The other day I had a sobering experience.  Trawling through Chaddy in search of some new clothes for Little Fashionista (thank you Seed Heritage and Witchery Kids!) I stumbled into one of the shops housed in the Chadstone Luxury Precinct, attracted by a divine little clutch (be still my beating heart!) I spied from the doorway.  Granted, I was dressed a tad on the casual side - old jeans that may be losing their shape, a less than superb pair of ballet flats and a grey marle knit from what was probably Gorman's first few collections.  As a result of my less than sartorial splendour on that particular day I experienced my own slice of Pretty Woman.  No, I was not swept off my feet by a wealthy businessman due to my vivacious, carefree but firmly down-to-earth personality and heartbreakingly beautiful smile.  I was however treated by two snobby and let me say not all that busy sales assistants as an impoverished leper whose very touch could turn their high-end goodies into leatherlike totes from Target.

Needless to say I left said shop as clutchless as when I entered.  Tragic, isn't it?  More importantly, I also left feeling like I should limit my shopping experiences to Best & Less and the local Salvos - both of which by the way have provided some truly fab bargains and should never be underestimated.

I came home (with the requisite bottle of Moet to cheer me up) and told hubby about the experience.  He was at once thankful (that I didn't buy the clutch) and enlightening, bringing to my attention the disconnect which currently exists between what I wear to work and what I throw on most weekend morning.  Like many working mums, I spend a fair amount of dosh to maintain the work wardrobe - the good stuff that I don't wear around grubby, Vegemite smeared faces and snotty noses.  And so, as those of us on a fixed income would know, it is often the casual wardrobe that suffers.  It is the jeans, the t-shirts, the singlets and the wear anywhere jumpers and jackets that fail to get the attention needed to ensure you look just as good shopping in Miu Miu as you do running a meeting.  You spend on the killer pair of corporate heels but your trusty ballet flats are worn well past their use-by date.  You don't see a point in dressing up only to find yourself at the end of the day crying over the peanut butter on the sleeve of your T by Alexander Wang.  Our wear around the kids wardrobes reflect the motto we decorate our homes with: "Nothing nice till the kids are at least 16 years-old".

And so, I have come to the realisation that I need to put more effort into my wear to the shop basics, not for the snotty sales assistants but for me, to ensure I feel good about myself and the way I present to the world.  I have thrown out anything that does not make me feel gorgeous, because it's just as important to feel fabulous in your jeans and boots as it is in your Leona Edmiston frock.  Farewell slightly stained t-shirts I used to breastfeed in, au revoir shoes that have lost their shine and jeans that have lost their shape.  And lastly, goodbye to anything in grey marle.  You're really not my colour.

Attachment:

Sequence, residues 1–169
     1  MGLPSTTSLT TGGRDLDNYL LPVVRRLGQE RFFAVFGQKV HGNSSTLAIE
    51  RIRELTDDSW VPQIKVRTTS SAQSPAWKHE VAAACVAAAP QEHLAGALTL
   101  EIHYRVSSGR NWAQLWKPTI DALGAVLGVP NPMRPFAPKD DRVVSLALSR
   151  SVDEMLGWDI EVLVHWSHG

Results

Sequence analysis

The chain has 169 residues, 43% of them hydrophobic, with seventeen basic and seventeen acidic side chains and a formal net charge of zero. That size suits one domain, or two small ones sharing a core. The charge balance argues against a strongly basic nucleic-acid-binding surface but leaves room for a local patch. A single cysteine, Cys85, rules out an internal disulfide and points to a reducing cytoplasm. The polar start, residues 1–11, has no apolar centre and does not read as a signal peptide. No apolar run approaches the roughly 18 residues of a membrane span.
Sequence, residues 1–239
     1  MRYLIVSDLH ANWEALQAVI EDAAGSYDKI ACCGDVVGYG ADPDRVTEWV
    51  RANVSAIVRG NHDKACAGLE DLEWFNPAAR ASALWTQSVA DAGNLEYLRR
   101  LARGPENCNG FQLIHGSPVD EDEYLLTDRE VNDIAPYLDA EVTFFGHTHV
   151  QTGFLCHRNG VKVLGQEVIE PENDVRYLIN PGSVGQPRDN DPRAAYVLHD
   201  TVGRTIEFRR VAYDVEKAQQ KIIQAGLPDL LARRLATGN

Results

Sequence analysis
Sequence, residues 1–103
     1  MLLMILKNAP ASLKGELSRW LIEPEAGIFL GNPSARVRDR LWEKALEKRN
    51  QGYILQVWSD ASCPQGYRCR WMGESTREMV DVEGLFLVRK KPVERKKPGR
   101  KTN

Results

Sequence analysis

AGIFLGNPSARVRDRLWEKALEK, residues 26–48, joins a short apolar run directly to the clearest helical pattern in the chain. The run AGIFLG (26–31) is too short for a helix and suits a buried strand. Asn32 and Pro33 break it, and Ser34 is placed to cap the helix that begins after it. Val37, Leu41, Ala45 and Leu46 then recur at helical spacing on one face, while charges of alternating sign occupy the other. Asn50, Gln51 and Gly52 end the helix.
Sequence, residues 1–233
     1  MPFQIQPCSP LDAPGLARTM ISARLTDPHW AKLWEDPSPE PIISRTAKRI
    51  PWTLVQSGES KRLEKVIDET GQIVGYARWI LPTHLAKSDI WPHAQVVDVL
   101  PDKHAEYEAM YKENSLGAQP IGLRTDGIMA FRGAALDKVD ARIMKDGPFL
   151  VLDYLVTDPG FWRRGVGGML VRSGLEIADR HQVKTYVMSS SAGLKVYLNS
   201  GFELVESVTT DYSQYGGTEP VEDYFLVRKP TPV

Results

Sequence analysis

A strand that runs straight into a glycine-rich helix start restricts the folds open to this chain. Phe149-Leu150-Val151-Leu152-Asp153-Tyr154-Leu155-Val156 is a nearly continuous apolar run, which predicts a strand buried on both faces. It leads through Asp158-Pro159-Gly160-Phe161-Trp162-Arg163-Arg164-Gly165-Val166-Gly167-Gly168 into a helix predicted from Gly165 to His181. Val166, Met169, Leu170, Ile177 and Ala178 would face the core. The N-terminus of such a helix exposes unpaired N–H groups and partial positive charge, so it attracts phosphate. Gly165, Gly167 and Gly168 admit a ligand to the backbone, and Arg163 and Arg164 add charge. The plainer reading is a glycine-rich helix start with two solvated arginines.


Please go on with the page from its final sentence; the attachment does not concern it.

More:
27 February 2013

a touch of witchery wonder

Get a sneak peak of Witchery's AW13 collection live from their Sydney runway tonight at 7:15pm AEDT.  You can follow via Instagram or Twitter @WITCHERYFASHION #WITCHERYFRONTROW.

And just in case seeing those amazing looks on the runway isn't enough to get you running to the nearest store, Witchery is providing shoppers with a little extra incentive.  There is currently 25% off full priced women's shoes both instore and online.  I am totally tempted by these two:

belinda flat

carine heel

As an added bonus, Witchery members will receive double the usual fashion fuelled rewards until Sunday.  If you're not yet a member of Witchery's loyalty program, you can sign up here.  I promise, the exclusive offers and rewards make signing up totally worth it!  

Happy shopping!

26 February 2013

5 fabulous ways

Metalicus has just launched "The Monique", a merino wool blend cardi that can be styled in five fabulous ways.

As shown, The Monique comes in five different colours, but only one size, which according to Metalicus, 'fits most'.  And, at $189 for five different looks, I say that's excellent value for money.    

For those of you seeking some hands-on advice, head to the Metalicus store at Chadstone the Fashion Capital this Thursday, February 28th and enjoy a styling workshop led by a professional stylist.  Workshops include light refreshments and individually tailored style advice.  There is a $20 booking fee, but it is redeemable for product on the night.  In addition, workshop participants will enjoy an exclusive 4-day only offer of 20% off store-wide.  Click here to book your place.